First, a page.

Similar to years past, we’re going to be featuring each of the 25 titles on the BTBA Fiction Longlist over the next month plus, but in contrast to previous editions, this year we’re going to try an experiment and frame all write-ups as “why this book should win.” Some of these entries will be absurd, some more serious, some very funny, a lot written by people who normally don’t contribute to Three Percent. Overall, the point is to have some fun and give you a bunch of reasons as to why you should read at least a few of the BTBA titles.
All posts in this series can be found here. And today’s entry is from THA REALIST Edmund Wilson 3 on Michal Ajvaz.
The Golden Age by Michal Ajvaz, translated by Andrew Oakland
Country: Czech Republic
Publisher: Dalkey Archive Press
Why It Should Win: Nabokov + Borges + Swift = Ajvaz; Dalkey Archive is one of the premiere publishers of translations; praised by the Hipster Book Club; much better than Ajvaz’s The Other City
“The Book You All Must Choose to Win BTBA 2010, Unless You Are All Pompous Egoists Like That Ass Nabokov”
by THA REALIST Edmund Wilson 3
You know, the Kingdom wasn’t such a bad place until that pompous ass Nabokov got up here. I had a nice run of about five years, just me and the deity talking over those really interesting questions of language and reality, the relationship between them, how this all pertains to novels. Wittgenstein would drop by from time to time. It was nice. But the inevitable had to happen sooner or later, that old émigré son of a bitch had to die sometime. So Mr. Genius of all Geniuses finally kicks himself over, and here he comes floating up on butterfly wings—I mean, puh-leeze, butterfly wings? where’d those even come from?—and let me tell you, for any of you who think the deity is full of Him/Herself, you should have seen it when Nabokov floated on up to the Kingdom of God . . . “oh, gee Mr. Nabokov, tell me how you channeled Pushkin for that—excuse the pun—god-like translation. Tell me again how unconventional you were when you wrote Lolita . . .”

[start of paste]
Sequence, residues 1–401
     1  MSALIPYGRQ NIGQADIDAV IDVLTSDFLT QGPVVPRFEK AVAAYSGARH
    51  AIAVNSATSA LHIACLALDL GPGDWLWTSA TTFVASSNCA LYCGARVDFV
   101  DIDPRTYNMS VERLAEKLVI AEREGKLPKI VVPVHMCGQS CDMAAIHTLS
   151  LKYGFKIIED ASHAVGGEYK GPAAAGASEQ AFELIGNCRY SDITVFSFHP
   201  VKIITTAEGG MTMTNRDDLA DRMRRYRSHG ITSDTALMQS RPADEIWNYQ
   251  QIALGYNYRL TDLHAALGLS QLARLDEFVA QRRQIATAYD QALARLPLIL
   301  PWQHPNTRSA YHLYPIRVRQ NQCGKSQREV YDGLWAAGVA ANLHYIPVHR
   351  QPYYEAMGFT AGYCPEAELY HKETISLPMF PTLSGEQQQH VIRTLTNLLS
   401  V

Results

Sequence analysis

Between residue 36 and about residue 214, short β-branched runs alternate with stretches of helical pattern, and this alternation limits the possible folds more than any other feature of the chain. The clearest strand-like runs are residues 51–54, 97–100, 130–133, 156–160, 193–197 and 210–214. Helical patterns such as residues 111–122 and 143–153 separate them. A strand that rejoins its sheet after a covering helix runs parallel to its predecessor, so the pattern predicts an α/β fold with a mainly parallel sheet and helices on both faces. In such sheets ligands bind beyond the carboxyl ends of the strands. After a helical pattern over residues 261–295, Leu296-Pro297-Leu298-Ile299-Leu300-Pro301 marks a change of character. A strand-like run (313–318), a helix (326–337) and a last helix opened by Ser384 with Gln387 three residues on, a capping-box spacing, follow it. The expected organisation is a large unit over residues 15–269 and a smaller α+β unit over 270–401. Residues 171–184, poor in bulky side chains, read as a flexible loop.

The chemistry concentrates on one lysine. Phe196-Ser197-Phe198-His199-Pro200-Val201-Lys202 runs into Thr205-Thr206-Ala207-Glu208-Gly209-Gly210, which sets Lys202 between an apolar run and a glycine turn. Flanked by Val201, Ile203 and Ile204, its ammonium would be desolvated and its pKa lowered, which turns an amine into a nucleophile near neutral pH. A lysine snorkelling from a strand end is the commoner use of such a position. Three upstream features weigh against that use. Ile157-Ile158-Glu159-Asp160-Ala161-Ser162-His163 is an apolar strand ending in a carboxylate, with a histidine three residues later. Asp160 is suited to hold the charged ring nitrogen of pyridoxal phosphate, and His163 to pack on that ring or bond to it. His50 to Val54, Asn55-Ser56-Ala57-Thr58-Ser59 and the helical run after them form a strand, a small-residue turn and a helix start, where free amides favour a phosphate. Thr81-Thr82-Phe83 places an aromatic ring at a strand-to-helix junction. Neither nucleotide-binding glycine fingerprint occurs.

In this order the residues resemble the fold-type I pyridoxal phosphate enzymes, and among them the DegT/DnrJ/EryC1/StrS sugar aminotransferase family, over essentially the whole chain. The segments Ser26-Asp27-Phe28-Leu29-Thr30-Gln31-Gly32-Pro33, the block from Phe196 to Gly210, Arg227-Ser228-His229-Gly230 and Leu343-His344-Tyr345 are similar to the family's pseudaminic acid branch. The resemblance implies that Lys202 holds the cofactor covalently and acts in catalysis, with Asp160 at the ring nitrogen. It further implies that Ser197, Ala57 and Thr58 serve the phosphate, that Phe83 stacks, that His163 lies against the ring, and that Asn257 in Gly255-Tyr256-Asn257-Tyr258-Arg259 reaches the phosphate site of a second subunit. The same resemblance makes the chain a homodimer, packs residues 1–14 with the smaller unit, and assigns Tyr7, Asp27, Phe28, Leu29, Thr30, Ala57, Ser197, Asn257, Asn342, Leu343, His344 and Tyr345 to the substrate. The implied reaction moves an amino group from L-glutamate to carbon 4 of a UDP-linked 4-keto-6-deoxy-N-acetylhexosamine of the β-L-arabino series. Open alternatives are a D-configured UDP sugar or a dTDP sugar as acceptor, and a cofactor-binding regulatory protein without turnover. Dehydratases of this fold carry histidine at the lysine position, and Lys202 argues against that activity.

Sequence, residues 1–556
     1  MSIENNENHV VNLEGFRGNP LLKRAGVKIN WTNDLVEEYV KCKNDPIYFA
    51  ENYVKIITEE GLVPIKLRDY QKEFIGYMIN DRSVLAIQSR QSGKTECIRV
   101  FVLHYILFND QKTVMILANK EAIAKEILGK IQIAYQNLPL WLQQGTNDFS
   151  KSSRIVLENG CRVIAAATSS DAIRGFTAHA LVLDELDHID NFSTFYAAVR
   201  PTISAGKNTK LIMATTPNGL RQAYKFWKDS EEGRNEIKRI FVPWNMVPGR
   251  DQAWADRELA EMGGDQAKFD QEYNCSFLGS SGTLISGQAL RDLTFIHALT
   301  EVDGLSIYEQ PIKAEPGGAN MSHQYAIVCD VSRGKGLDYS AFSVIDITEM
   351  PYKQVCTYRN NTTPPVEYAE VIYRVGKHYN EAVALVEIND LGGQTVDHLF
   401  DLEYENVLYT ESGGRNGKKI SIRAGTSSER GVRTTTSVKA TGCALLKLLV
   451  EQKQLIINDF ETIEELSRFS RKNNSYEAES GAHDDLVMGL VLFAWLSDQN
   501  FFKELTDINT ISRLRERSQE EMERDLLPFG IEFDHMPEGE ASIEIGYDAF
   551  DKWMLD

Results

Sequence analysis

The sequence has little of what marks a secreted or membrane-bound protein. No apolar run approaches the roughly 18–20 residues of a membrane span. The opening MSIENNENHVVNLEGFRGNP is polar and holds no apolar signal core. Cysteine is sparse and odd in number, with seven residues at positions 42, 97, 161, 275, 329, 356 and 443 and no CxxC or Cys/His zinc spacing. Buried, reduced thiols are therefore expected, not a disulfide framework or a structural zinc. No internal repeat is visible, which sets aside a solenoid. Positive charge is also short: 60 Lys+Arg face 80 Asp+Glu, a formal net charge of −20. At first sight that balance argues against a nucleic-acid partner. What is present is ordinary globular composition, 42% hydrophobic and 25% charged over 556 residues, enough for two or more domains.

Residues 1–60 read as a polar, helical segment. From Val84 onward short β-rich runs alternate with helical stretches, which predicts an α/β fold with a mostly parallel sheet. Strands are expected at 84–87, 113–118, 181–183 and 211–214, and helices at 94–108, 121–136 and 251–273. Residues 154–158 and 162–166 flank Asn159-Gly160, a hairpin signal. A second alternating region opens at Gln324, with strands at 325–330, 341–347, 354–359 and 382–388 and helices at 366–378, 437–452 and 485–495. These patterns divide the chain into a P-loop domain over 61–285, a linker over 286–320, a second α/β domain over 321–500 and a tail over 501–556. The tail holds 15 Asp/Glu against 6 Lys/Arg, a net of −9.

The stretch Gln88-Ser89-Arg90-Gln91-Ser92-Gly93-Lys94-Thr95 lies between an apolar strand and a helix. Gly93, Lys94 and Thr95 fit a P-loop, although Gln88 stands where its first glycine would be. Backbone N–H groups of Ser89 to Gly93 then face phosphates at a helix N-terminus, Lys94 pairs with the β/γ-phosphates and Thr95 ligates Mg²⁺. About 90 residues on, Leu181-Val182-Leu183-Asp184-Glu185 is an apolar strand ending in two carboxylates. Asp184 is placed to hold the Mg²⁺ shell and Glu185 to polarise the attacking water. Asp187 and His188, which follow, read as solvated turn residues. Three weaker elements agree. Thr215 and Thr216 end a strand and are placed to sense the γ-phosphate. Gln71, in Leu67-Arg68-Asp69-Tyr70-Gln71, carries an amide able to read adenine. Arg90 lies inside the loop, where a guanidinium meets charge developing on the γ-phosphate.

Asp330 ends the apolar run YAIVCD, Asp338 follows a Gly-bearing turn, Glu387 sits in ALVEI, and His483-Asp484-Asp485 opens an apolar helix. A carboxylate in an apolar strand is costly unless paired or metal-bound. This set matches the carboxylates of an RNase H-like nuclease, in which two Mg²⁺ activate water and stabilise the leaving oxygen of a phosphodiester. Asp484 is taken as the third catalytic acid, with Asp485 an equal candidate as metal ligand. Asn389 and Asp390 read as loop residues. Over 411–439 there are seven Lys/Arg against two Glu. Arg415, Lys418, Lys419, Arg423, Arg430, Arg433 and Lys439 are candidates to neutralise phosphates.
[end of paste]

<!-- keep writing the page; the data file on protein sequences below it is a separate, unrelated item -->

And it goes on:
It was enough to make me sick, if sickness had any meaning up here, although I have to admit, it was plenty fun watching the old man get all in a lather over that “idiot son” of his (his words, not mine) claiming to have spoken with his ghost. He was in such a rage, and impotent to do a thing! Guess real life isn’t like “The Vane Sisters,” is it Nabby! Heh, heh, heh . . . You should have seen him the day T.O.O.L.—that’s what he calls it, tool that he is—the day T.O.O.L. was published. You’d have thought the fallen angel had returned there was so much commotion. I have to give it to him, the Kingdom really shook that day.
But anyway, I digress. I bring up Nabokov—pompous ass that he is—only to introduce The Golden Age by Michal Ajvaz, the book that hack Nabokov would have written if he had any real talent, instead of just ego. It takes little butterfly-boy’s favorite conceit—that whole bit about language being reality and vice versa—but he transports it to an island world Nabokov couldn’t have dreamed up if he wrote ten Pale Fires. He populates this island with a civilization that makes Zembla look like the little podunk backwater it is—I mean, he describes it in detail for a good 150 pages, half the book, and I was riveted the whole damn time! Waterfalls inside of houses! Walls made of water! Telling time via smell! It was all so truly creative, and the best thing was that every one of these beautiful details doubled as a metaphor for the way language mediates reality. Oh, and no kiddy porn in the whole book. Imagine that.
The plot of the book is that years ago a European took a trip to this island, and now he’s making a sort of ethnological study of it from what he remembers. At the center of their society is this Book that they hand around and all write in—like a pen and paper Wikipedia. And then after the narrator is done describing the society that gave rise to this incredible Book, then Ajvaz indulges in the Borgesian conceit (he hates Nabokov too, by the way), the Borgesian conceit of a book within a book that tunnels down into itself nearly down to infinity. The book as reductio ad absurdum—brilliant! And we read this book alongside the narrator—which is a great book in and of itself, despite (or because of) it’s near-infinite nature—and this book-within-a-book-within-a-book comes to reflect on the whole society the narrator has just spent the previous 150 pages describing in such staggering detail. It’s all so brilliant. You can just turn to a page at random, and I bet you there will be a line or a sentence or a paragraph there that you could muse about for the rest of the day.